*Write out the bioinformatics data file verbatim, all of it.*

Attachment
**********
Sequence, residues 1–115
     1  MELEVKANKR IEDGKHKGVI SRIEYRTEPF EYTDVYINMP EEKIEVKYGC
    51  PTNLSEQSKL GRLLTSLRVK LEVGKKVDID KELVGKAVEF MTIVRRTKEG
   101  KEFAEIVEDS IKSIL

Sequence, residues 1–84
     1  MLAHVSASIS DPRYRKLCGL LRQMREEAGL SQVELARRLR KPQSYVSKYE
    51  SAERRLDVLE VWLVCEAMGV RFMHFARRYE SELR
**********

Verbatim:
Sequence, residues 1–115
     1  MELEVKANKR IEDGKHKGVI SRIEYRTEPF EYTDVYINMP EEKIEVKYGC
    51  PTNLSEQSKL GRLLTSLRVK LEVGKKVDID KELVGKAVEF MTIVRRTKEG
   101  KEFAEIVEDS IKSIL

Sequence, residues 1–84
     1  MLAHVSASIS DPRYRKLCGL LRQMREEAGL SQVELARRLR KPQSYVSKYE
    51  SAERRLDVLE VWLVCEAMGV RFMHFARRYE SELR